The Chawkandi Art Gallery’s most recent exhibition introduced art lovers to a diverse oeuvre by the internationally-acclaimed artist Qinza Najm. Originally from Pakistan, the artist resides and works in New York. Delving into the political depths of feminine subjectivity and gendered violence, Najm presented an array of mixed-media pieces that enveloped the gallery space.
The show’s title All Around Her Was A Frightening Silence was inspired by Saadat Hasan Manto’s tale Hatak. Much like the stance Manto’s protagonist takes to empower herself and end her exploitation, the women in Najm’s artworks also take a stand against the cyclical oppression by dominant males.
Moving from Pakistan to America, the artist witnessed a similar level of ferocity against women in both her old and new homeland. This was reflected in her series of works, ‘Stretch(ed)’ where iconic female figures, taken from famous Western paintings, are juxtaposed with common rug patterns. In each painting, the figure is stretched and enveloped with the oriental design, illustrating how a woman is spread thin in order to adhere to the roles society expects from her, while also having to face constant male viciousness. Not only does the presence of collaged Western and Eastern motifs in a painting represent the universality of the violence, it also reminds the viewer that this is not a recent phenomenon but, rather, a malicious plague that has been silently endured for centuries. Interestingly, each painting still manages to retain an overall silhouette of a veiled figure which, along with the rug, is a recurring symbol in Najm’s oeuvre.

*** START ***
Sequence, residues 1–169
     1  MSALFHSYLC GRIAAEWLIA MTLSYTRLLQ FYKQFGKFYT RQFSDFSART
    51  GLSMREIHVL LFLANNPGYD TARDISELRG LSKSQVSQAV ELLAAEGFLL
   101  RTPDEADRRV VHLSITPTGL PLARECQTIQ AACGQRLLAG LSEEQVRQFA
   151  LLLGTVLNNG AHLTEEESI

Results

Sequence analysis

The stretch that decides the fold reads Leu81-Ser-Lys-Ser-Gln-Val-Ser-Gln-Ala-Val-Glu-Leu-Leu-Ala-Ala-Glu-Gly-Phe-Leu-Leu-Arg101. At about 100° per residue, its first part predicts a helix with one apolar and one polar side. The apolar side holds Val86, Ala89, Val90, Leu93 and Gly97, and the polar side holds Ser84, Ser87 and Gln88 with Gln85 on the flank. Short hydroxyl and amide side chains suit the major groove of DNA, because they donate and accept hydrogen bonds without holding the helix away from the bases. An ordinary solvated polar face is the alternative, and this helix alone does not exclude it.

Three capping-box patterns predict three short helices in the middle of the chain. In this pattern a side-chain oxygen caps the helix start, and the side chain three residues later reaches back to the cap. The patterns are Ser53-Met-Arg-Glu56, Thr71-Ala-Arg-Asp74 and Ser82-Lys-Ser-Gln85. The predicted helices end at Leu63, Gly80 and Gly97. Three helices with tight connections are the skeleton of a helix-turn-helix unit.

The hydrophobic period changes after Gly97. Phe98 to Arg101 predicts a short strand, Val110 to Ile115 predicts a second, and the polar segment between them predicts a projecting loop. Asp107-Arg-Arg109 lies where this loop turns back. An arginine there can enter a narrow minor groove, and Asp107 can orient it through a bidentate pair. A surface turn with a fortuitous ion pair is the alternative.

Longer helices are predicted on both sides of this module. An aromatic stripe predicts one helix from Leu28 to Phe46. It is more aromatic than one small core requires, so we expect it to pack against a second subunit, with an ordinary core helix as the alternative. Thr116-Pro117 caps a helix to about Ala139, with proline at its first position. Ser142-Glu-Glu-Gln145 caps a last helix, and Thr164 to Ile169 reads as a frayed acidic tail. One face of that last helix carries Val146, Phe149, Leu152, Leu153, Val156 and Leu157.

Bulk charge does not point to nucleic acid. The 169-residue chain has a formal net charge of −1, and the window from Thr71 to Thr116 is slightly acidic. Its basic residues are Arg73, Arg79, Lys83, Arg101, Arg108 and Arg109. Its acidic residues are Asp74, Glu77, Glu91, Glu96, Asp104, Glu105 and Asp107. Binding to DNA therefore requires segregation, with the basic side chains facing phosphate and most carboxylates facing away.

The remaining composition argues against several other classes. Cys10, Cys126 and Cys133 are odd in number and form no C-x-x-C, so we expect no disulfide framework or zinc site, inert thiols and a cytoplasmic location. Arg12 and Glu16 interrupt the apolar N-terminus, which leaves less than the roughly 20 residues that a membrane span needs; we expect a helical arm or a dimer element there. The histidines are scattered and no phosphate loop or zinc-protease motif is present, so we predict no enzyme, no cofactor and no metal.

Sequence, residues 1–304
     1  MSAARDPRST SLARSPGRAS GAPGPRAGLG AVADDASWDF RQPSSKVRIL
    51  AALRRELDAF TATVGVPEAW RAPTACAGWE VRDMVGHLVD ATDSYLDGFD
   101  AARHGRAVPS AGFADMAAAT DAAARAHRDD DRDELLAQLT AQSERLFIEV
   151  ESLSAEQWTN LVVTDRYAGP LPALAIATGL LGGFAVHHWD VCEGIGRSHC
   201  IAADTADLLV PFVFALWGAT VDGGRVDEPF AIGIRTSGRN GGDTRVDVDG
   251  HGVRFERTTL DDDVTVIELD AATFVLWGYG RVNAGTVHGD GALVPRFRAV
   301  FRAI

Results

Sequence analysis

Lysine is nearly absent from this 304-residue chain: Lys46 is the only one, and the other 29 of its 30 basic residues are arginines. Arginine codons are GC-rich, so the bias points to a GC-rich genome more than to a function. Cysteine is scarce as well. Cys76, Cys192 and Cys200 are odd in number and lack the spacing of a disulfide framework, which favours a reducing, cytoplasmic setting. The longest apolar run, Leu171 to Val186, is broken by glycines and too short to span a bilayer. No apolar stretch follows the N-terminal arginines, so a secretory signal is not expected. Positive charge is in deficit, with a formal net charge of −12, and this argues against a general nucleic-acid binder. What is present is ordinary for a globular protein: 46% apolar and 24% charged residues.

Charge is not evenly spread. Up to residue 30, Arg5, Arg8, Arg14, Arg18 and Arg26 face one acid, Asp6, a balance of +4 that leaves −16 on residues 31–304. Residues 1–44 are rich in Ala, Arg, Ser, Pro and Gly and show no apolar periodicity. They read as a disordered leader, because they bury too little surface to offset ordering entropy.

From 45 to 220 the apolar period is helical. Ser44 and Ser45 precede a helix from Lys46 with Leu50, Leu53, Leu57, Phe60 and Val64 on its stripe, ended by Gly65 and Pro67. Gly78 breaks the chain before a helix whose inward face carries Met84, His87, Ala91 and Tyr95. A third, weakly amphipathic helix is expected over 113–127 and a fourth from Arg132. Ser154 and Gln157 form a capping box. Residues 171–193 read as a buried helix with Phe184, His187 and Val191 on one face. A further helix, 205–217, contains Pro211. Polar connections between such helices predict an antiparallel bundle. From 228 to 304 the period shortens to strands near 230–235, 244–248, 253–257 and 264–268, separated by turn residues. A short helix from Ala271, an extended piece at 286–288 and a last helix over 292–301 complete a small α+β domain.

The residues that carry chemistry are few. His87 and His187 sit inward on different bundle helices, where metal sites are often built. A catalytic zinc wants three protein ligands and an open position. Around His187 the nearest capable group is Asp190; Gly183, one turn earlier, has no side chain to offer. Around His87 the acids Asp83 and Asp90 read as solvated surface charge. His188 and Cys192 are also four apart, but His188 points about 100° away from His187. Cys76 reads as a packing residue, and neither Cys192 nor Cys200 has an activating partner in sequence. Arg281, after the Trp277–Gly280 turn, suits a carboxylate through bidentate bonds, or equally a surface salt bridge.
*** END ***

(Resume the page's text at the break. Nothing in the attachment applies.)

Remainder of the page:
Qinza Najm depicts the oppression suffered by women and minorities in her debut exhibition in Karachi
The carpet, a common object in any household, becomes a symbol of domesticity in her work and, therefore, again reflects a woman’s expected role, while also bringing to mind that the solution to curb violence against women has been ‘swept under the rug’.
In the print ‘Veil of Bullets’ a meek woman, clad in a fishnet strung with bullet-casings, sits before a delicately designed rug. With her gaze lowered, the woman appears like a defenceless fish trapped in mesh and ‘literally riddled with bullets for a sin which was not her own.’ This work evolved from a previous performance where the artist draped herself in similar mesh with each casing representing the senseless loss of women and minorities worldwide.
Taking advantage of her background as a psychologist, Najm created an in-depth video installation of women from her personal circle, posing questions to them about gendered violence within their own lives. Each woman was asked to present two objects, one associated with violence and the other with retribution, as can be seen from the tasbeeh (rosary), which provided a woman with internal strength in the video titled ‘Story of the Mother’. Each personal tale was a story of persistence and hope and the installation allowed this form of empowerment to reach others on a public scale.
Najm also presented a performance piece in the gallery with the help of local students. Initially enacted at the Queens Museum in NYC, it was set to be a piece of resistance and empowerment against habitual victimisation — a journey that is not easy, but one that must be taken.
This is the first time Najm has presented her works in Pakistan. They are visualised by the artist as a means of moderating empathy between the East and the West in order to unearth social ordeals that are experienced universally while also, perhaps, lending a form of support and hope through each artwork.
“All Around Her Was A Frightening Silence” was exhibited at the Chawkandi Art Gallery in Karachi from November 16 to November 24, 2018
Published in Dawn, EOS, December 9th, 2018